Whenever then-Republican presidential candidate Ron Paul would rail against the Federal Reserve on the stump, he got big applause from growing crowds.
"We don't have the money -- they run out of borrowing power, guess what they do? You would have never guessed. They start printing money! And of course that leads to more problems," Paul said at a campaign stop in March in Fargo, N.D.
But despite Paul's and others' criticism, the Fed has acted even more aggressively. Just last week it doubled down on previous commitments to keep buying billions of government treasuries -- printing more money each month -- to keep interest rates low for the foreseeable future.
"Exceptionally low levels for the federal funds rate are likely to be warranted at least through mid-2015," Federal Reserve Chairman Ben Bernanke said.
The move, economists warn, could have dangerous consequences. So why are they doing it?
First, take a look at the national debt, now well past $16.3 trillion.
Compared with the U.S. economy, the debt-to-GDP ratio is now almost at 102 percent -- the highest since just after World War II. And that's with extremely and historically low interest rates.
Even at these rates, that interest will cost the U.S. more and more every year -- $222 billion in interest payments on the debt this year, and $570 billion by 2022, just at current rates.
Imagine what could happen if rates rise.
"I mean this stuff is no joke -- so we have this big interest in keeping these interest payments low and also incidentally in also keeping interest payments low so that other parts of the economy can continue to function, or function as well as they can under the vaguely recessionary circumstances," Arthur Brooks, with the American Enterprise Institute, told Fox News.
Because for decades, the country and economy have essentially put whatever they can on the credit card -- and every sector has done it -- now that credit market debt is way out of proportion with the economy.
The broader credit-market-debt-to-GDP ratio has steadily increased over the decades to 370 percent in 2010. It ticked down slightly to 350 percent in 2012.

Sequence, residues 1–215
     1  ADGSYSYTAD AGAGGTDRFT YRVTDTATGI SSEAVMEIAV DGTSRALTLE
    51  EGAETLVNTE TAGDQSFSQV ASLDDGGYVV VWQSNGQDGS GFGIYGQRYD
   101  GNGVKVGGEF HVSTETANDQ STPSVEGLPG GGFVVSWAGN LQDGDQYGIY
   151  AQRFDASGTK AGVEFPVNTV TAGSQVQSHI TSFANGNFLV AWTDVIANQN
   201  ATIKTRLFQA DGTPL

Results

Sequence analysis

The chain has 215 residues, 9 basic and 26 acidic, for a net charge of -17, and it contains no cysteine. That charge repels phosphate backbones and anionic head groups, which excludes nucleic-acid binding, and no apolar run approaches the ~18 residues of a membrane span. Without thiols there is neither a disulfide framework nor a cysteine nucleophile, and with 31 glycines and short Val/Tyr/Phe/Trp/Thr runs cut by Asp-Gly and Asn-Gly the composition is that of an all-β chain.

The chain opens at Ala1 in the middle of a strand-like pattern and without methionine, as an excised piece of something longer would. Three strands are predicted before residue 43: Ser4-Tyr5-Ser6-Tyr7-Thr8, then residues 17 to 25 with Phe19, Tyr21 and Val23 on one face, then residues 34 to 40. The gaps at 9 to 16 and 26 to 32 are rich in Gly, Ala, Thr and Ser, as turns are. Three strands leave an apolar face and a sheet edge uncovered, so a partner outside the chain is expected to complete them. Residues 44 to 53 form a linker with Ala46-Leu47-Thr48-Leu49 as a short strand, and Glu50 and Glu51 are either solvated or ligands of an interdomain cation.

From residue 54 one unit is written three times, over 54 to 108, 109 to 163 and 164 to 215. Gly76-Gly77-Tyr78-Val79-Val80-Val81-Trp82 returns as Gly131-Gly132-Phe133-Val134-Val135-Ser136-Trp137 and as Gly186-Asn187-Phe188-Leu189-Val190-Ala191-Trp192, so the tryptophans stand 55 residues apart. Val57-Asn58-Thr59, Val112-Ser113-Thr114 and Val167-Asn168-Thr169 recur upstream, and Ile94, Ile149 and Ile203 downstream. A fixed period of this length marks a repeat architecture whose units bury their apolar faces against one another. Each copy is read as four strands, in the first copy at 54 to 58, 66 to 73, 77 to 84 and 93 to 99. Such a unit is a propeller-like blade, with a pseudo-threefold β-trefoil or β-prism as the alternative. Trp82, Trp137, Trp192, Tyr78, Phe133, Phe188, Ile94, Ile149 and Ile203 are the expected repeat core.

This covers everything from housing to government to the financial industry.
Back in the '50s and '60s, there wasn't a lot of borrowing. But then the country started getting leveraged and the debt mountain started to grow. Economists say the country is now so over-leveraged that if interest rates rise even slightly, all of these sectors may have a hard time paying the bills.
"Servicing the debt is hard now," former Democratic Sen. Evan Bayh said. "This is with interest rates at record lows - God forbid something should happen to cause interest rates to go up even a little, back to where they ordinarily would be, the burden of this debt would become immensely greater."
Economist John Taylor said that if the interest rate were to rise, say, from 2 to 4 percent, "it really doubles the amount that you have to pay on a given amount of debt and when the debt's so high, that's a lot of money."
Economist Robert Genetski said the spiral from an increase in interest rates would be "very difficult to contain."
"That's why while we have the rates down while things are under control -- this is the time to implement more positive policies," he said.
The Federal Reserve, to further reduce long-term rates, since 2007 has amassed more than $2 trillion in government debt and mortgage-backed securities. It's now in the third round of what is called quantitative easing.
But Brooks warned that this kind of program could eventually fuel painful inflation.
"Right now it's not," he said. "And we're sort of counting on it never fueling inflation, but the truth of the matter is you look at history -- sooner or later, inflation is going to come around. And when inflation comes around, that really hits the American people very hard. ... It will be ordinary people, working people, poor people that are really gonna suffer when finally this inflation comes around.
"It's really playing with fire," he said.